How is School in Perth like, for a 5 Year Old?

Hi Nix,

I hope this email finds you well. Time flies really fast, it's now 2017 and our time is running shorter each day. I have tried to take driving lessons again, but simply can't make it. Went to eye centre and was told again that I would be better off being chauffeured, than attempting to drive myself. Guess it's probably genetic since my sibling has the same problem.

Anyway, we have decided to move together as a family instead. We are now planning to make a trip this year to hunt for house and schools for the kids. I do understand that you may not want to over exposed your family especially little Albany in your blog, but really hope if you could share about schooling matters, like what's a typical school day like for her. Sorry that I am making such a weird request, but I have a gal whom is exactly Albany's age (less than a month older than her, in fact). I am not so concerned about my other kids, but my little gal is very shy, and doesn't communicate much.

So, if you could, I would love to hear about Albany's school stories in email exchange when you have the free time (which I know are highly precious to you).

Lastly, though I know that CNY is not much celebrated in Australia, here is my CNY wishes for your family:
To You - 身体健康
To Jen - 合家欢乐
To Albany & Little Ant - 岁岁平安, 快高长大



Hi JL,

Thank you for your well wishes.

I had old posts regarding schools, none of which directly answers your question but you may still like to read them. 

I hope something about my observations in the last 2 links will strike you. That is, if you think the shyness in your daughter should be overcome. Several perspectives of mine in old posts may have changed by now but this one hasn't. I still maintain there is something about the education system Australia (flawed as it is) capable of grooming confident, outspoken children. My daughter was naturally shy. I still think she is but being exposed to school has lifted her to her upper limit. I believe you will see the change in your girl once she goes to school.

To be honest, I don't have many school stories of Albany to share. My wife may be in a better possible to observe because when she isn't working that day, she will stay a little longer after sending her to school. However, she isn't one who is good at detailing her observations. My impression of her schooling is limited to my visits to pick her up from after-school care and qualitative interviews with Albany. She has just started "Pre-Primary" this week, which requires her to go to school every week day. They are full days, I thought it is rather hectic for 5 year olds. Just last year, she was attending "Kindy" or "Pre-pre-primary" if you prefer, for only 5 days a fortnight. A vast difference.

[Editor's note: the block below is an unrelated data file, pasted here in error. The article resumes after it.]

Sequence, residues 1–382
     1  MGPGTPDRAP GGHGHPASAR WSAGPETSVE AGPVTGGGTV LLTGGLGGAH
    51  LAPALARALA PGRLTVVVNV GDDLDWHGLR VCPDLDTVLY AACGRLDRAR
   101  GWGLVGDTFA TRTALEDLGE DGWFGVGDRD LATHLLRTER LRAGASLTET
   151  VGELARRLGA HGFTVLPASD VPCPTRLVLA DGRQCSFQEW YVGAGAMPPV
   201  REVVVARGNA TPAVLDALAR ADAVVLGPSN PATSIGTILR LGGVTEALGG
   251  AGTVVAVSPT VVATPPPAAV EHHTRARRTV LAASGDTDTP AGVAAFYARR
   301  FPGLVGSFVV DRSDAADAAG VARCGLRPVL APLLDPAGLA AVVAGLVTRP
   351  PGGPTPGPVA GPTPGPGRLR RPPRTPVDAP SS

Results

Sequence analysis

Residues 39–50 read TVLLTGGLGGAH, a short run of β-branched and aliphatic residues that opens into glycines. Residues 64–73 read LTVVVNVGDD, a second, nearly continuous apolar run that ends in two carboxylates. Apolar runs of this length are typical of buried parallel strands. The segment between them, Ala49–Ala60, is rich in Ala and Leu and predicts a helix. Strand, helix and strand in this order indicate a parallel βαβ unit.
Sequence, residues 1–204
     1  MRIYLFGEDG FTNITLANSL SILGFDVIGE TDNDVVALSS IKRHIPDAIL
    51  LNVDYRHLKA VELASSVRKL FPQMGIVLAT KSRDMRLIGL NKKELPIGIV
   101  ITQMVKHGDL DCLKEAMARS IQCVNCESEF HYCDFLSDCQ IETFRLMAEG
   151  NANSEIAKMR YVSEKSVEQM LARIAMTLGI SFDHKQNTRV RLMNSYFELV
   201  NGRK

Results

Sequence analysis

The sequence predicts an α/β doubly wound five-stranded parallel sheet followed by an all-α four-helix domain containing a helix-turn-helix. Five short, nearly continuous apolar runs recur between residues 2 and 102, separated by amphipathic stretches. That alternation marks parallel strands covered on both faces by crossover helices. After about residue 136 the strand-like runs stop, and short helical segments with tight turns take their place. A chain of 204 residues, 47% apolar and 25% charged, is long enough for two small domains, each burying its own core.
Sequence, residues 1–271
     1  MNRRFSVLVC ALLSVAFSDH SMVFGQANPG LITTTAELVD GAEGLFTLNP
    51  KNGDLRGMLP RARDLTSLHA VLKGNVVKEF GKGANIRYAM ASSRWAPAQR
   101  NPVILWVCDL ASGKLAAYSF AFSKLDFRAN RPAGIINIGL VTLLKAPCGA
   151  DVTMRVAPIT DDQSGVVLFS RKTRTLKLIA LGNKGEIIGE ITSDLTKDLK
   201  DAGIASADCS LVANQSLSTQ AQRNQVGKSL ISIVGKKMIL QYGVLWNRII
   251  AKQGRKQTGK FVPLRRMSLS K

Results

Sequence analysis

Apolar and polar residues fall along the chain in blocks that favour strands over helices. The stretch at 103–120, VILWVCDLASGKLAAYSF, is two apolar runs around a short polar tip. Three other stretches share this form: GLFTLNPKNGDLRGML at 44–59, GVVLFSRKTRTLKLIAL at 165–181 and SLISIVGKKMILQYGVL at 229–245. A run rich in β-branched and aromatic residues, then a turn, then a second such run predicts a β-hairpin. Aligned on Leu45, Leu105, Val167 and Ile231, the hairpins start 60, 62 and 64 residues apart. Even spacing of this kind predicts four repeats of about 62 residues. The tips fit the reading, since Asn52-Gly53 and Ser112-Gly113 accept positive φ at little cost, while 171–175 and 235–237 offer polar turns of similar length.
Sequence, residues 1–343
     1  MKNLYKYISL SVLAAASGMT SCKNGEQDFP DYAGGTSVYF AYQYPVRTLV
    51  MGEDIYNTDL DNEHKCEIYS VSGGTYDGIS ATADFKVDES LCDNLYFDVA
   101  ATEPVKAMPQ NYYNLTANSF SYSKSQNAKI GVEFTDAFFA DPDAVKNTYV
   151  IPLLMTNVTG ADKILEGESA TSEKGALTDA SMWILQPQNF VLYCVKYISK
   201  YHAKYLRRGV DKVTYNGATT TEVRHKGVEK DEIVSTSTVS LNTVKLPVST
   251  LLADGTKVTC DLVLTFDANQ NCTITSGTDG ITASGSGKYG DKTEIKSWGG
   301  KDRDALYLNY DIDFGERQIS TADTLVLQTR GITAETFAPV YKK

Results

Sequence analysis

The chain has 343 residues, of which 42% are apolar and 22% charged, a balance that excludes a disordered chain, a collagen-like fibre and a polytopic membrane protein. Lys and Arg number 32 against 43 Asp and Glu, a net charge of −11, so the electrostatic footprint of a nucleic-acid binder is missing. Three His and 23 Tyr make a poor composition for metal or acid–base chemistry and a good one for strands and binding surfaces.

Each time she returns from school, I will ask her to describe her day to me. "How's your day?" "Good." is not good enough for me. I encourage her to tell me as many things as she can remember, without asking too much question or placing judgement on incidents she brought up, lest she develops phobia to share thoughts with me. From her sharing, this is what I gather from my imagination, for what she has attended so far,

They do not have designated seats in class.

They do not do a much writing at this age but lots of craft instead. A lot.

They learn to count at 4 years old but no mathematics like addition, subjection etc. yet. I'm not sure about Pre-Primary as she just started.

They sing a lot in class

They dance too, as I caught Albany dancing when she thought I was not looking.

They are taught to appreciate nature, plants, animals, etc.

Regular play time outdoors. Hat is a compulsory item to bring everyday.

I don't know what they teach but she acquired a surprisingly wide range of vocab last year.

She acquires early development in critical thinking and learn concepts such as fairness.  

Her class is no more than 20 children.

Her class is more multi-cultural than what Singapore likes to portray itself. There are no clear majority. Caucasian Aussies make up about 1/4 of her class, another 1/4 the are Europrean, another 1/4 are non-white Aussies and Africans and the last 1/4 are Asians. Though the children are from different cultural backgrounds, most of them are born here. Albany has two classmates from Australian and Africa background sharing the same name. As such, children do not seem to feel the racial and cultural differences at that age. They play, laugh and sing together without mental barriers. Only 1 of Albany's "favourite friends" is Asian. I think that is a good thing. From the way I see it, as long as your child speaks English, she will blend in with the others in no time. 

At this age, I am not concerned about her academic skills. I prefer her to learn social skills, gain confidence and the interest to learn, which the school seems to offer so far. She goes to a public school. So if you are into the specifics, you may want to look into private schools. They may be expensive but many parents do not mind splashing the cash. As I do not know how our parenting mentality differs, it is not appropriate for me to recommend. That is probably what I can think of at the moment. 

Feel free to ask further questions.

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